One glaringly large policy gap is that the Law of the Sea Convention remains unsigned by the United States. Being a signatory to this convention would provide clarity in Arctic waters. It is a an underpinning of U.S. policy that a signed treaty would provide clarity and the appropriate international legal framework to submit an article 76 claim to extend the continental shelf past 200 nautical miles.
Admiral Papp is the right person for the job and realizes this is a major undertaking. He has consistently made the comment that the U.S. needs to be more “active and forward leaning.” What he means is the United States has to be forward thinking with respect to the rapid changes that are coming about, especially as they relate to changes in the climate that are going to increase opportunities for Arctic shipping. Papp said the United States would pursue conservation in the Arctic with the same drive as John F. Kennedy’s call to send a man to the moon after the Soviet Union’s launch of Sputnik. “Rather than a national imperative, what we have is a moral imperative. We have an obligation to protect this area for future progress, for the people that live here.” This is a clear indication of how serious and how much effort the Obama Administration will be putting into its Arctic policy and action.
In a recent speech in September 2014, Admiral Papp talked in broad terms about initiatives and projects that the U.S. is considering in three areas: ocean governance, climate change mitigation and the adaption and improvement of the economic and living conditions of Arctic residents. He has articulated the evolving American position, and made it clear that climate change will be a major priority for the United States when it takes over Chairmanship of the Arctic Council in 2015.
There is an opportunity for Canada to work more closely with United States and cooperate on these issues. In a recent book, Merger of the century: why Canada and America should become one country, National Post columnist Diane Francis argues that China has a strategy for the Arctic that could potentially disrupt U.S.-Canada relations and oil shipments. This book highlights some of the changing geopolitical concerns that are going to occur in the Arctic Ocean basin. While China has been active in the region, from a scientific and commercial standpoint, Russia has taken a more overt military posture, increasing its military bases and marine and long-range air patrols in the region using maritime reconnaissance Tupolev Tu-95 Bear aircraft which harken back to the coldest days of the Cold War.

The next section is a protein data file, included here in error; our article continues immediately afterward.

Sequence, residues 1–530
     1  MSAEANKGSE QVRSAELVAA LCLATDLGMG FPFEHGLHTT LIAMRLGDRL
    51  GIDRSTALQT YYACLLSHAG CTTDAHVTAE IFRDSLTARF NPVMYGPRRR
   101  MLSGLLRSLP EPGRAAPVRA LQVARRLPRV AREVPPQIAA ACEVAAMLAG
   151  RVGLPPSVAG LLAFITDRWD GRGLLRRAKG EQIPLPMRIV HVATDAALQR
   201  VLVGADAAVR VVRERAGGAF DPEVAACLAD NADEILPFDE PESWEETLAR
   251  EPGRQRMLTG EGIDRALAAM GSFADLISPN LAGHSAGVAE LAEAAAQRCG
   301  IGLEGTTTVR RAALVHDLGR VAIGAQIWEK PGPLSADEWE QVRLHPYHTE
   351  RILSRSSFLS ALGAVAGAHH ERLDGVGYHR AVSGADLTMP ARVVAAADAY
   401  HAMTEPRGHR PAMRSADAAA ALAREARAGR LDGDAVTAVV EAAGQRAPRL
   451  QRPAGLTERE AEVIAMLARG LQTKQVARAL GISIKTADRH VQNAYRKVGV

Canada has a long history of working with United States on ocean governance and marine shipping. Admiral Papp’s appointment is positive for Canada. We must seize this opportunity to develop an ocean governance regime that reflects the protection of the environment which is in keeping with Canada’s policy that has been articulated at the Arctic Council to both enhance economic development and protect the marine environment. Canada needs to work closely with the United States, its best friend and ally, to ensure, as Admiral Papp has indicated, that not only is Finding Franklin a moon shot, but is also about protecting the Arctic environment. It is a shared moon shot of all the Arctic nations. It will require strong leadership at the Arctic Council, and the U.S. recognizes that fact. It is ironic that HMS Terror, one of John Franklin’s ships, led to the penning of the American national anthem “The Star-Spangled Banner”. What this highlights is that Canada and the United States share an Arctic future, and need to build on a long history of cooperation and friendship. Often complex problems are solved by simple sailors.
K. Joseph Spears is an ocean policy consultant with the Horseshoe Bay Marine Group. He has worked closely with American interests in shipping governance and the U.S. Coast Guard. He can be reached at email@example.com